12 Comment on story: SA economy silence contrasts with drastic virus steps

Ah yes, they’re breaking out the printing presses. Today for a little COVID19 economic stimulus, tomorrow for the mostly Rand-denominated SOE debt.

So it turns out no checks and balances needed for the government to bring out the printing press.

Are we about to be quantitatively eased into an inflationary spiral?

Guess the there’s nothing in the constitution to prevent the government from devaluing your property.

Duma Gquble, an independent economist, said it amounted to quantitative easing, “something we’ve called for for a long time.”

“We’re headed to an era where the separation of fiscal and monetary policy doesn’t make sense anymore,” he said.

QE is very misunderstood. Even it seems by the venearble independent economist listed above. Its primary function is not to support the economy but to maintain liquidity – to make sure that banks continue to lend to each other and that people believe the value of R1 today will be more or less R1 tomorrow, if people do not believe this you will look to use your rands to put it into other assets, buy gold hoard toiletpaper, whatever. This plays itself out in the worlds money markets as well which is why we have seen a flight into liquid dollars.

This guy to put it politely is talking through his bum, there will always be a vast difference between monetary and fiscal policy.

Only country’s falling in the group self supporting can do de printing called Q easing. Meaning looking after the right people. The poor for a fact do not belong in that book. Good for voting but nothing more. The switch to freedom inflicted a rudder change locally. Some poor became rich beyond dreams. Standing on watch now, the ship is slowly turning course again. Emigrants from Europe did look for better life due to the same process. This planet really needs a helping hand. It explain religion, as last hope.

Can somebody explain in simple terms how this is supposed to work?

Ordinarily the bond issuer would buy and effectively redeem their own bonds when the price suited them. ie cheaply. If I owed the bank R5m on a mortgage but there was a pricing mechanism whereby my mortgage had a public price, I would buy my own mortgage at R4m. bargain.

If government is buying bonds to create demand then it is artificially supporting the price of its own bonds. I say stuff it : let the sellers take a bath and only buy it when it makes sense to buy it = when it is cheap enough.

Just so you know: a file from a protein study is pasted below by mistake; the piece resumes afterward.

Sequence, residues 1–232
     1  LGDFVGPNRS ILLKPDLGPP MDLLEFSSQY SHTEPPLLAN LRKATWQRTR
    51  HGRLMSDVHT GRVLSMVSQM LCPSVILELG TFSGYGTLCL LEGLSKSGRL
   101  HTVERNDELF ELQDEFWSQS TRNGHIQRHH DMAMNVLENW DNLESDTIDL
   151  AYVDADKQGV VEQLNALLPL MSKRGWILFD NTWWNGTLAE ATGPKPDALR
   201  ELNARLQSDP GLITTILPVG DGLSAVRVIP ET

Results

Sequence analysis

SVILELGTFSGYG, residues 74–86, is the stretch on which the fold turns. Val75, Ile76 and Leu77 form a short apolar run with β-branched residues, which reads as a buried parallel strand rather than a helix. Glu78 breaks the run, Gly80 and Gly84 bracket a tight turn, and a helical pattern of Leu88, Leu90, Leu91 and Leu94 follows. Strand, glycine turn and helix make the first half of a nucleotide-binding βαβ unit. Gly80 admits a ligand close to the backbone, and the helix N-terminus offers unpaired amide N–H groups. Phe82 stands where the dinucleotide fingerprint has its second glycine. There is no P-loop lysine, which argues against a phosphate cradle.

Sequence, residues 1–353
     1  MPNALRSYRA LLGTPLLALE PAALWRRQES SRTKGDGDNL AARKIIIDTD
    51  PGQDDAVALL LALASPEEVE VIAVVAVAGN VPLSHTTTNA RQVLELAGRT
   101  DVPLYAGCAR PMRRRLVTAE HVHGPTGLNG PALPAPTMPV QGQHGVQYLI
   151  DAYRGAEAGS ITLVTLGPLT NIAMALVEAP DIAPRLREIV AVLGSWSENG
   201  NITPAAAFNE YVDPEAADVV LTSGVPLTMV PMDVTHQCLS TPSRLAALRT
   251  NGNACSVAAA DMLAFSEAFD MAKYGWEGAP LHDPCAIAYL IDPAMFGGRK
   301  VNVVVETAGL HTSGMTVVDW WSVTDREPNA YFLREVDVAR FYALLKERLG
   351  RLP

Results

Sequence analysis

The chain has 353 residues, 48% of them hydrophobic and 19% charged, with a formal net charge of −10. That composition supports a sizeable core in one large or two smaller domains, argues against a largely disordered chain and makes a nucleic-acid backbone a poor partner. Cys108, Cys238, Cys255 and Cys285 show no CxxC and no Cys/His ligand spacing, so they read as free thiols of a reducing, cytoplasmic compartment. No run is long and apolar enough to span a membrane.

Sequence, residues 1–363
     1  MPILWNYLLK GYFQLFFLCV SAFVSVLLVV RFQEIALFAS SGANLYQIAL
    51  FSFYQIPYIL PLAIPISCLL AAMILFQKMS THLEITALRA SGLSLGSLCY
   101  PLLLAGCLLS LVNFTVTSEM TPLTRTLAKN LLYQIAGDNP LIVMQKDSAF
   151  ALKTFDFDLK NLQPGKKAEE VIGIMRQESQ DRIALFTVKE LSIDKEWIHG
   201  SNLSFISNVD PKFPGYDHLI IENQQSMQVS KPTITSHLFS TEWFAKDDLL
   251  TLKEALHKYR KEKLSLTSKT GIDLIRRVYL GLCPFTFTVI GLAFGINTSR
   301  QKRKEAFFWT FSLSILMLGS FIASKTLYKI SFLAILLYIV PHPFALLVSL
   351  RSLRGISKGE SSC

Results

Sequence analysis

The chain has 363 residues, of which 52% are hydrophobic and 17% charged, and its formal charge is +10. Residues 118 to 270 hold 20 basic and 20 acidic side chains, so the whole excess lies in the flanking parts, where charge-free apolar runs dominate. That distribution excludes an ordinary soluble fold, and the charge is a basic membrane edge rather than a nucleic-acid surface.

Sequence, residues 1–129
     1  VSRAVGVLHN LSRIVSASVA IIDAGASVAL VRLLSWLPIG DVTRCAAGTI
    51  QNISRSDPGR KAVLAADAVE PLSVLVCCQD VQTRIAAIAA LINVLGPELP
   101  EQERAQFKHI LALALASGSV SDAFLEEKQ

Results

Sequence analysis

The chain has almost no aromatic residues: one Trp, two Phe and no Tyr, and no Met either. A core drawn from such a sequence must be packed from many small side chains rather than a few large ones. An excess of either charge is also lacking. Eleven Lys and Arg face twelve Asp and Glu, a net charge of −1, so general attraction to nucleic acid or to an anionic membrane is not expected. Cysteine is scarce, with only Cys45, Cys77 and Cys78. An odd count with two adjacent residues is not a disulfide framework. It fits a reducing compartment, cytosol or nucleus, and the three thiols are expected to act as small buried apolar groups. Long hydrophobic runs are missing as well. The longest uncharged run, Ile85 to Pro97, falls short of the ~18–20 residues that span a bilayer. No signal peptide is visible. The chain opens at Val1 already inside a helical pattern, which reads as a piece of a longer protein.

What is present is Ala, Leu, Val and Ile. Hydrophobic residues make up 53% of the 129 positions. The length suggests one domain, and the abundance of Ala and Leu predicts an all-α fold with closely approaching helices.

Where does the money come from to buy the bonds? From issuing new bonds?

I know business but I don’t get government finance :/

@ Johan Buys…

Central bank purchases securities and bonds = LOWERS INTEREST RATES = triggers additional borrowing by business = hence increases spending, and job creation = resulting in revived economic activity and growth.

KEY TO QE IS LOWERING INTEREST RATES.

Simply google Quantitative Easing… informative read that.

Boombang:

until the yield curve inverts…
what would happen if they did not chase up the prices by creating demand? The bankers lose money, can’t have that…
where does the money come from – new issues of bonds? Nice way to create fees for the industry…

The holders would sell for less, and are in any event not likely to be buyers of the new bonds issued to pay those sellers for the old bonds. Just buy back bonds when they are cheap enough.

Perhaps government (If it wants to stimulate) should rather lend to business cheaper than the rates at which businesses pay. I recently had a chance to work that out on business equipment that I wanted on a lease because of the servicing. When I offered to pay a very large deposit, a quick spreadsheet exercise means my deposit and new low lease payment works out that I earn or save 37% per annum on my deposit. The banks’ cost on the money lend out is about 7%

Hopefully this is not QE ANC-style i.e. borrowing in the market to buy back bonds!!!

If QE is funded from reserves then it’s OK. If money it’s just printed like in Zimbabwe we are in for serious trouble. If the reserve bank did not use money from reserved they have made the first step in becoming a “printing shop” and when the foreigners smell this our currency will be worthless.

R20 to the dollar guaranteed !!

You don’t understand stop confusing others…
Our money is FIAT… you don’t base it on a standard. Reserves are for foreign trade not for bailouts.
QE is a government decree, remember all the money borrowed or created in the country will eventually be paid back by the citizens. We carry this burden whether we like it or not. But in times of economic slowdown, calamity or war the government should relieve the citizens of hardships. American yesterday approved USD 2 trillion in stimulus. They don’t have that in reserves.

I don’t think you understand. First world countries can afford to print money as they have massive underlying economies so their government and people will be good for it from an international perspective. Third world countries do not, SA is trying to play with the big boys and if we are starting to print money in the context of much higher inflation , a weak currency and gross mismanagement at SOE’s we are on a very slippery road.

There is nothing that wastes time than try to educate someone or help in understanding a concept to someone who is fixated in his own half baked knowledge…

You know what JT… You are 100% correct. I give up.

End of comments.